Then on 19 December 2016 it announced that the Portuguese government had caved in to protests and legal action from around 4,000 retail investors in BES linked bonds. Under the compensation plan offered by the Portuguese government retail investors who invested up to €500,000 will receive up to 75% of their investments and those who put more will get up to 50%. One of the conditions of the offer is that investors give a litigation waiver. No doubt due to litigation risks having complicated ongoing efforts to sell Novo Banco.


PrivatBank is Ukraine’s largest lender, has 37 per cent of retail deposits and one-fifth of banking assets so is of great systemic importance to the country. The bank, which was owned by powerful oligarchs, was deemed insolvent by the National Bank of Ukraine (NBU) on 19 December and officially nationalised on 21 December with the NBU announcing that the temporary administrator of the bank had ruled to bail-in the bank’s senior Eurobonds with further detail to be announced ‘in due course.’

At his first press conference on December 22, PrivatBank’s new CEO confirmed that all the bank’s Eurobonds were converted into equity as part of a bail-in with the words ‘For some reason, Eurobonds were included into the list of financial instruments that were converted into equity.’ Maybe something has been lost in translation but the ‘for some reason’ opening does not sound convincing. He then went on to add ‘Together with the National Bank, we will try to find common ground with the Eurobond holders. If not, then we will prove our case in court.’ Then on 26 December the NBU issued a statement to the holders of PrivatBank Eurobonds explaining that no more payments will be made on the securities.

As things look to stand the Eurobond holders will be the only party to get nothing from the nationalisation of the PrivatBank. Depositors are being fully protected and the previous owners of the bank have, to date, been able to keep the estimated $5.6 billion in related party loans they reportedly made to themselves.

Until recently Ukraine did not even have a bail-in law, and yet (with encouragement from the IMF) they have just passed something that allows them to expropriate creditor rights ex-post. It is incredible that policy makers seem to believe that there is no such thing as property rights when it comes to bank paper but would scream blue murder if you suggested the same with any other type of borrower.

So holders of the senior Eurobonds look to have been particularly harshly treated with nobody eager to accept responsibility. It could well be that, as reported, the former owners of PrivatBank are also holders of a large proportion of the Eurobonds and so the treatment is intended to separate them out from third party investors with who the bank and NBU may be willing to talk to strike a deal. Failing that this one looks set to end up in court and that could get very messy. The issuer of the Eurobonds is a UK special purpose vehicle and the terms are under English law and the jurisdiction of the English courts. I am sure the NBU will be wary of the can of worms over what they knew about the state of the bank and did not disclose as well as the problems riding roughshod over foreign institutional investors could cause next time they or one of their banks needs to issue paper.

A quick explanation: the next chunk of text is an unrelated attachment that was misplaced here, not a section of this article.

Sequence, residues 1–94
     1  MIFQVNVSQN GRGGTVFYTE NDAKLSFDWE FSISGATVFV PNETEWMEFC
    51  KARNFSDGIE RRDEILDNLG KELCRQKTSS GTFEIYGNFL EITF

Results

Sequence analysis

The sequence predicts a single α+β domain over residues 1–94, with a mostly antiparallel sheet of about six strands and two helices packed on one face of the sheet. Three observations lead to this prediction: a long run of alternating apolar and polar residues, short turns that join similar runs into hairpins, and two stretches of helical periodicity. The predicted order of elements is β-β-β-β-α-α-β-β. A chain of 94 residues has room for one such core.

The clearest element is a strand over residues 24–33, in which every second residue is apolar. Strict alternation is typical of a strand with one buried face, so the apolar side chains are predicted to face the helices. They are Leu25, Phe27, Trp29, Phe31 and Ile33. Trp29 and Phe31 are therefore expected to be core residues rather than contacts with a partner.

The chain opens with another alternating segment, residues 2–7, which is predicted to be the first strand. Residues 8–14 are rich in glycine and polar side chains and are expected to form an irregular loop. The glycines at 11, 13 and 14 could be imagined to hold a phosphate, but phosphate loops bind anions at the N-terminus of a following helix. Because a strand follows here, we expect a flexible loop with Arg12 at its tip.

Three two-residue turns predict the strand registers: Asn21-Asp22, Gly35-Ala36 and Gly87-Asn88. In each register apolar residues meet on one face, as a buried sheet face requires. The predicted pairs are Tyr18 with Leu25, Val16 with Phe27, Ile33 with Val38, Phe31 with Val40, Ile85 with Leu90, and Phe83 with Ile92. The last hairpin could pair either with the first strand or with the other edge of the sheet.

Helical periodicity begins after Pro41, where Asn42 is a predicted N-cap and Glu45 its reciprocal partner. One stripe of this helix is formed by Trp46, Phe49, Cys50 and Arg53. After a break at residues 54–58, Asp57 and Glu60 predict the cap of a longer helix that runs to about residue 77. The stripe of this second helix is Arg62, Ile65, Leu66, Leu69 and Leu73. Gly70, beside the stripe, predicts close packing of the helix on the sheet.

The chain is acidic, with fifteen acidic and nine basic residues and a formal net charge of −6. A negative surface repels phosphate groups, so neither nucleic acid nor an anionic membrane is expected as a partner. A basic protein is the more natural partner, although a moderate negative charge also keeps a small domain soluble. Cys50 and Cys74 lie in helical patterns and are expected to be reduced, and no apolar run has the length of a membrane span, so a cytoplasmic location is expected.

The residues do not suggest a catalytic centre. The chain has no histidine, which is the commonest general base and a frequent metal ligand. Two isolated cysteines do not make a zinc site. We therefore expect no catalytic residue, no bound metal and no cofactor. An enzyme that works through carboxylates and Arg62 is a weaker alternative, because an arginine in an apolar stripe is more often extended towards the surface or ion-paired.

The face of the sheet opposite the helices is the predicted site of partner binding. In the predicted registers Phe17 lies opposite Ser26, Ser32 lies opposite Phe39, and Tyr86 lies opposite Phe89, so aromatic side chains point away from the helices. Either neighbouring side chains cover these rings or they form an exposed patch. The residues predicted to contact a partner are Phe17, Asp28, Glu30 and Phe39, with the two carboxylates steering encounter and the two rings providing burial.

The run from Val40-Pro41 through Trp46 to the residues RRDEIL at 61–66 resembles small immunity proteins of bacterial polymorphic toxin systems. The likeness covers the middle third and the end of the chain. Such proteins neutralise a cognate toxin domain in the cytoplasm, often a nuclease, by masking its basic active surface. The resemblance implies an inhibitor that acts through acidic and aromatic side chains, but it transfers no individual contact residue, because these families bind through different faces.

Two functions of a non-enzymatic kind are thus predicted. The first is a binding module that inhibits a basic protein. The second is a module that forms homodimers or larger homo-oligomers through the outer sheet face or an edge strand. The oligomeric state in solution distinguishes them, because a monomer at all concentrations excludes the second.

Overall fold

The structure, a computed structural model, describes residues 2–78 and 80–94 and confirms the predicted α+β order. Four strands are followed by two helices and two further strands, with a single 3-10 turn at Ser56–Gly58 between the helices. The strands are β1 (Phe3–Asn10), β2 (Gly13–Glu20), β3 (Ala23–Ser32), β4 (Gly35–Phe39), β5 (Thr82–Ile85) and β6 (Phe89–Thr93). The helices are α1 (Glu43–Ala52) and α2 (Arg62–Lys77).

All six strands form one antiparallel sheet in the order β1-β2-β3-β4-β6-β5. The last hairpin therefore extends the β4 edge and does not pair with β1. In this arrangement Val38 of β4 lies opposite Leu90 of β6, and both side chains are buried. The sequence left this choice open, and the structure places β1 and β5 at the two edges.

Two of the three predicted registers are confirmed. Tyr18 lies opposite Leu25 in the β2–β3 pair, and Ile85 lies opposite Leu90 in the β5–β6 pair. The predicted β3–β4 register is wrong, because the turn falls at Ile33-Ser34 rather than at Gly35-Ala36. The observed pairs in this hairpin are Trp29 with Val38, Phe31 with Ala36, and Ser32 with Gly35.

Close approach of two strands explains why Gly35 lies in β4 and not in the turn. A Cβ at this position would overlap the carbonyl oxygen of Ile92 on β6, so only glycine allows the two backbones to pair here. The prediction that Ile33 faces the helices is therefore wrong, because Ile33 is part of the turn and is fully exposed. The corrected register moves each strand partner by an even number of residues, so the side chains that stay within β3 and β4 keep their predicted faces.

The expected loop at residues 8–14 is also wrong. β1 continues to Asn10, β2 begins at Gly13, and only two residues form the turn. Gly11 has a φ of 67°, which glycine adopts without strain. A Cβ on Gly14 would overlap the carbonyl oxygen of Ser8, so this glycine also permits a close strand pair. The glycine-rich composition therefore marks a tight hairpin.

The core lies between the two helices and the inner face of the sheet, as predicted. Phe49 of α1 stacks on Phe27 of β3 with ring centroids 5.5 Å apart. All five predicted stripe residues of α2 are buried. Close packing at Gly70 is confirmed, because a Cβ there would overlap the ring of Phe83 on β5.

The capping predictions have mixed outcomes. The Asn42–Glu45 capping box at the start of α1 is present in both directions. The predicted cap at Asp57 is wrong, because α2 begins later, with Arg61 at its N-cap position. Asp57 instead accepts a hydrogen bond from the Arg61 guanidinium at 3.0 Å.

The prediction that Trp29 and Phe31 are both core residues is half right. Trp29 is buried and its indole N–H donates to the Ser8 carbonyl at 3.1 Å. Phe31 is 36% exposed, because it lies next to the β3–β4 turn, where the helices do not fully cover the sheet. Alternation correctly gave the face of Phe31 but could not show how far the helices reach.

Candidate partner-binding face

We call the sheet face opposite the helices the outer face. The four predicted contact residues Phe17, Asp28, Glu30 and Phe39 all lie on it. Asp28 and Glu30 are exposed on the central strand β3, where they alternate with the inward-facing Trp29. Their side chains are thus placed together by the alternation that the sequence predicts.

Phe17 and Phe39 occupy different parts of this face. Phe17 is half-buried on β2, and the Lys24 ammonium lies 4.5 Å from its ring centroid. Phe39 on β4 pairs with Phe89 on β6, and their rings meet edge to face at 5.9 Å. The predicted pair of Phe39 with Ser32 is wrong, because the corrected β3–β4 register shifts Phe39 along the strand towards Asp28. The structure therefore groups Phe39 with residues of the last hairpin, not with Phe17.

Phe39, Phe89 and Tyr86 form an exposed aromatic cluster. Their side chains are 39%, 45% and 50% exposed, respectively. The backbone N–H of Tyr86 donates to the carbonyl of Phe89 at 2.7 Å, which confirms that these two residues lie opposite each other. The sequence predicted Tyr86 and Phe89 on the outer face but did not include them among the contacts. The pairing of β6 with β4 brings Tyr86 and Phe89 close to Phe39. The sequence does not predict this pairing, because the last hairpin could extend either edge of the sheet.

The battle lines appear to be being drawn. Concorde Capital has reported that holders of more than 20% of the Eurobonds formed a committee for the common protection of their rights and interests. With the committee consisting of five funds, including British, American and Swiss, holding different issues of securities for a total of more than $120 million and other funds seeking to join the committee. I also understand that US law firm Dechert LLP is involved.


So pulling this all together it is notable that it is the country (Ukraine) which did not even have a bail-in law until recently which has aggressively bailed in senior bonds whereas EC countries with established powers to bail-in senior bonds under the BRRD are either baulking or bungling at the prospect. Also that the spectre of all the retail investors to whom banks and their regulators were happy to provide the capital they needed until recently still hangs over attempts to bail-in bondholders.

In my view it is a major weakness of BRRD that the EC failed to consider the issue of existing capital securities already issued in developing the new rules. There are always going to be problems when a central bank or regulator seeks to bail-in retail investors who bought before such a thing was possible. Especially when, as many suggest, one of the biggest sources of uncertainty is the regulators and the regulations themselves. The regulators are often complicit in the problems which give rise to bail-in and have often let them go undisclosed to the market and afforded banks forbearance when management can or will not address them. This together with the constantly moving regulatory goalposts, such as stress test severity, thresholds and real world minimum ratios, which can trigger a bail-in without anything changing in the state of a bank are making the whole area of investing in bank capital securities an unnecessary minefield.